GAO re­port tracks the growth of an $89B drug R&D sec­tor as bio­phar­ma sales soared

Just how much does phar­ma re­al­ly pay for drug re­search and de­vel­op­ment, how does that ac­tu­al­ly stack up as a per­cent­age of sales and who cov­ers the bill for ba­sic drug re­search?

The US Gov­ern­ment Ac­count­abil­i­ty Of­fice (GAO) took that task on and came up with some in­trigu­ing num­bers that say a lot about the size of the R&D in­dus­try and some key un­der­ly­ing trends be­hind the spend. One fig­ure demon­strat­ing how per­son­al health­care spend­ing grew from 7% in the ’90s to 12%, al­most dou­bling in the process, al­so un­der­scores why drug pric­ing has be­come a hot po­lit­i­cal is­sue that shows no sign of wan­ing.

While check­ing a va­ri­ety of sources, the GAO re­searchers ze­roed in heav­i­ly on the num­ber crunch­ing done by the Na­tion­al Sci­ence Foun­da­tion on the R&D spend­ing re­port­ed by US phar­ma com­pa­nies and the US-based R&D done by over­seas com­pa­nies. Be­tween 2008 and 2014, when it had a full set of num­bers to look at, the hard dol­lars spent jumped from $82 bil­lion to $89 bil­lion, a hike of 8.5%.

This all was oc­cur­ring while com­bined phar­ma and biotech sales soared from $534 bil­lion in 2006 to $775 bil­lion in 2016 — a 45% in­crease. But it’s al­so im­por­tant to note that the biotech R&D num­bers col­lect­ed by the GAO gy­rat­ed rad­i­cal­ly from one year to the next, un­der­scor­ing just how hard it is to track the spend by a wide range of small­er, of­ten pri­vate, com­pa­nies.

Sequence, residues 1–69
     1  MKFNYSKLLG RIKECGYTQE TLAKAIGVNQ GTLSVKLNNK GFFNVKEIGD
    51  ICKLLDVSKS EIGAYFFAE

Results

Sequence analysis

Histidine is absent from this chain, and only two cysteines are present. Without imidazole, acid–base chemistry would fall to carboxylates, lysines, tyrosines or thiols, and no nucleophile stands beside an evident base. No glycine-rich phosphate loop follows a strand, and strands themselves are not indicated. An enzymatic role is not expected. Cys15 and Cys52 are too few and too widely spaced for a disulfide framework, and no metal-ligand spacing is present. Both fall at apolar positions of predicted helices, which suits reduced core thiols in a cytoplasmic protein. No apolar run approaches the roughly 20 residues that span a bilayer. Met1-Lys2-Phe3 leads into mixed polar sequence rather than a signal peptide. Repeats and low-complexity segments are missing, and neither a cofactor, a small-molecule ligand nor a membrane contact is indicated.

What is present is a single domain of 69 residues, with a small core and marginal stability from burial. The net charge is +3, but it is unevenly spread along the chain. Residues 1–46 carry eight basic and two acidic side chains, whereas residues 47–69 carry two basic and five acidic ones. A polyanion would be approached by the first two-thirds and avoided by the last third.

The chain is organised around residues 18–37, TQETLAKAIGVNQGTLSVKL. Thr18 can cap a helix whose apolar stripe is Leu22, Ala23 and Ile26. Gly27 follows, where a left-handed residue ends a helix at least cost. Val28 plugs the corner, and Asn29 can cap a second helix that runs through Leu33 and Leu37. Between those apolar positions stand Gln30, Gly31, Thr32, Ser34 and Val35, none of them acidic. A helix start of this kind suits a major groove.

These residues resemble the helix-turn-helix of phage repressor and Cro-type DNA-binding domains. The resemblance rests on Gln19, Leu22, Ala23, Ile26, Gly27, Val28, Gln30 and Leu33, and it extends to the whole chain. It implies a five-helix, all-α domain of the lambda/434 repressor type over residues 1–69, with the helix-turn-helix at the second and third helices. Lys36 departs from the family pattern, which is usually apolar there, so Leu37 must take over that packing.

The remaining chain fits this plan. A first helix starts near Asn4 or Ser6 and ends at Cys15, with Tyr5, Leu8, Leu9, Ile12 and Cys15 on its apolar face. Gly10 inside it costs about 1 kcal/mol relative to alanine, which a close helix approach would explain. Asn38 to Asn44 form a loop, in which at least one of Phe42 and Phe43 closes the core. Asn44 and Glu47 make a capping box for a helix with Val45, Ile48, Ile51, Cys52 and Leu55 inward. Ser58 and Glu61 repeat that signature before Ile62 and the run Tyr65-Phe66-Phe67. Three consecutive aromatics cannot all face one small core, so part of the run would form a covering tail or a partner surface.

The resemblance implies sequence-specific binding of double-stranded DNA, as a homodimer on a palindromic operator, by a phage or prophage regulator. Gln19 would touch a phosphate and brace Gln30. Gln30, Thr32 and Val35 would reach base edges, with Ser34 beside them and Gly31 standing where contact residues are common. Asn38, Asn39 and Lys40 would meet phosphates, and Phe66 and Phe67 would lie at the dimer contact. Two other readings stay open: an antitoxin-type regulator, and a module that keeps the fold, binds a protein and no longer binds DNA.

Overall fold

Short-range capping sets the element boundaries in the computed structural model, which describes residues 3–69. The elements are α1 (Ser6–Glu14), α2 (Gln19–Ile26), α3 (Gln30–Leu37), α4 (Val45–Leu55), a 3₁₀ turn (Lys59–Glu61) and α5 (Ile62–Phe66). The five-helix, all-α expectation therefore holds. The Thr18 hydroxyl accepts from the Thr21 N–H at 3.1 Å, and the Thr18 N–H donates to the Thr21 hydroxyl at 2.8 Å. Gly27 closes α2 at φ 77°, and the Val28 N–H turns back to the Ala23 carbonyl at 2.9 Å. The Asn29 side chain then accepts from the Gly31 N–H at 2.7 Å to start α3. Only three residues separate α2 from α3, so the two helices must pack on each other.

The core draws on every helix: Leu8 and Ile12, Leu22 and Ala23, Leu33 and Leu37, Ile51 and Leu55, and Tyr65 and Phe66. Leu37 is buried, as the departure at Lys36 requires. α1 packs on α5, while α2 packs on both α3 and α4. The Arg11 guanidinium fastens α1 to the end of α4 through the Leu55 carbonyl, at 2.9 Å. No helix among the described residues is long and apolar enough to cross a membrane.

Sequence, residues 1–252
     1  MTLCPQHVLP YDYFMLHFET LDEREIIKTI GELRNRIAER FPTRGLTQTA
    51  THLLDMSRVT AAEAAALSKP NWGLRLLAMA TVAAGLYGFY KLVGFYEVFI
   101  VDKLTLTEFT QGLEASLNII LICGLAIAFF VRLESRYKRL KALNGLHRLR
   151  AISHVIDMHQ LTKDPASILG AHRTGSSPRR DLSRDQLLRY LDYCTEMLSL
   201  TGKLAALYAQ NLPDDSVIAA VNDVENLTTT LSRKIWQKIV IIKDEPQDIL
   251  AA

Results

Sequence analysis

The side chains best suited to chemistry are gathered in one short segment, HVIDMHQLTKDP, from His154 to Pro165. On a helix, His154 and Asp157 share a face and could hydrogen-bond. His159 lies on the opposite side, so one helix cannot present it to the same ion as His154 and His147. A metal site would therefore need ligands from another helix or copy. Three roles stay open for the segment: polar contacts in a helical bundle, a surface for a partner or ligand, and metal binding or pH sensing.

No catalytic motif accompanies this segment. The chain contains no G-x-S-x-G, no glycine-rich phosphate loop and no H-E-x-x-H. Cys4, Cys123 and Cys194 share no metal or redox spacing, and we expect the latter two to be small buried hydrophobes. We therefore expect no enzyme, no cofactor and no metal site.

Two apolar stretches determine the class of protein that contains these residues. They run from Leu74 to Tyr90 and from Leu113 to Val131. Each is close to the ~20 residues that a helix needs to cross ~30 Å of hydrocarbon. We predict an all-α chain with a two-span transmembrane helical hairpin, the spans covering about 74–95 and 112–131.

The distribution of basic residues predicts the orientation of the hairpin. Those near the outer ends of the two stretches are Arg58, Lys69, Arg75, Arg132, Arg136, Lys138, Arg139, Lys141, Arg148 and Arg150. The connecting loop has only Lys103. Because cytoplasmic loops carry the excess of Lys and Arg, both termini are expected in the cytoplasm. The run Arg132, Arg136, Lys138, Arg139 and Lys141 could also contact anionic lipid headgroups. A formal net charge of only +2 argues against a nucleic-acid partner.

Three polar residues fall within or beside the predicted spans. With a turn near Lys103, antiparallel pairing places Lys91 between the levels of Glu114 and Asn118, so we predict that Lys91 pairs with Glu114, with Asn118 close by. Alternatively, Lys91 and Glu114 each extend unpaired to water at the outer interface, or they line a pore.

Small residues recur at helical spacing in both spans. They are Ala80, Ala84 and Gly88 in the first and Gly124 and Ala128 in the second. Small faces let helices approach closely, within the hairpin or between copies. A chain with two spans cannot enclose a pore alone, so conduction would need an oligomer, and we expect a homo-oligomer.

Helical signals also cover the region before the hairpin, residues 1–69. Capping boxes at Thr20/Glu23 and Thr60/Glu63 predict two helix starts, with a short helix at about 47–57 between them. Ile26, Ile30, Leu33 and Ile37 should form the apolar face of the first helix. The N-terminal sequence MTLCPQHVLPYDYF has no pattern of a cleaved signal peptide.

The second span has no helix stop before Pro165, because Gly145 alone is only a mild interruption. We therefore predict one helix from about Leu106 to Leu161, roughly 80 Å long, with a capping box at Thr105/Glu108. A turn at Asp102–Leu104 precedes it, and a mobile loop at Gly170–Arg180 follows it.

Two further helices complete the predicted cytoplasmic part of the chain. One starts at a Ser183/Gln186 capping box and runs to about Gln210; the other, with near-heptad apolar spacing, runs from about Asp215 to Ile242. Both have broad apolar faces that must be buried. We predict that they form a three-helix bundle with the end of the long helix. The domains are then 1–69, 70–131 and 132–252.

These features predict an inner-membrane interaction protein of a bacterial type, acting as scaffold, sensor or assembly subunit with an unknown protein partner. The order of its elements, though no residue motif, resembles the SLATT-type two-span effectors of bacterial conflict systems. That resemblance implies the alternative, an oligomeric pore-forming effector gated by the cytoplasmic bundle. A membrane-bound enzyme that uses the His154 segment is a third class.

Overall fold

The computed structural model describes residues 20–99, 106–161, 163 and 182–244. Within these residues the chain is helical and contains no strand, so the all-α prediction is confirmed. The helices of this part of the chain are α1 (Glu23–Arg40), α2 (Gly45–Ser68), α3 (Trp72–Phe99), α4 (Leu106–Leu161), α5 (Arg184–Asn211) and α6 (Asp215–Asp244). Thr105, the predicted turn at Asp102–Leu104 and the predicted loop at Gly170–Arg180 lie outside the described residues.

So how does the R&D spend re­late to ad­ver­tis­ing and pro­mo­tion, a sub­ject that phar­ma crit­ics in par­tic­u­lar like to use to vex ex­ecs with? The re­port cites an es­ti­mate rang­ing from 11.5% to 14.2% for an av­er­age of 13% as the per­cent­age of sales re­served for R&D cost. Those fig­ures eas­i­ly dwarf the 7.6% spent on ad­ver­tis­ing tracked by Quin­tiles­IMS (now IQVIA), though the GAO notes that there are a va­ri­ety of fig­ures be­ing bat­ted around there.

There’s no ques­tion, says the GAO, that the NIH cov­ers the bulk of the tab for ba­sic re­search, with phar­ma clear­ly more in­ter­est­ed in de­vel­op­ment than pre­clin­i­cal work.

Bio­med­ical re­search took a def­i­nite hit in the pe­ri­od that the GAO cov­ered, with NIH fund­ing drop­ping 3.8%. The $26 bil­lion in re­al dol­lars spent in 2014 was a steep drop from the $32 bil­lion shelled out in 2010, un­der­scor­ing the rel­a­tive pauci­ty of fed­er­al cash that has stirred wide­spread calls to do bet­ter.

The NIH al­lo­cat­ed $13.6 bil­lion for ba­sic re­search in 2014, more than twice the $6.3 bil­lion re­port­ed by phar­ma com­pa­nies.

And as we’ve been track­ing, out­sourc­ing con­tin­ues to gain a grow­ing share of the R&D dol­lar. The gov­ern­ment re­port notes that while 25% of re­search was farmed out by phar­ma in 2008, that fig­ure grew to 35% in 2014.

A New Fron­tier: The In­ner Ear

What happens when a successful biotech venture capitalist is unexpectedly diagnosed with a chronic, life-disrupting vertigo disorder? Innovation in neurotology.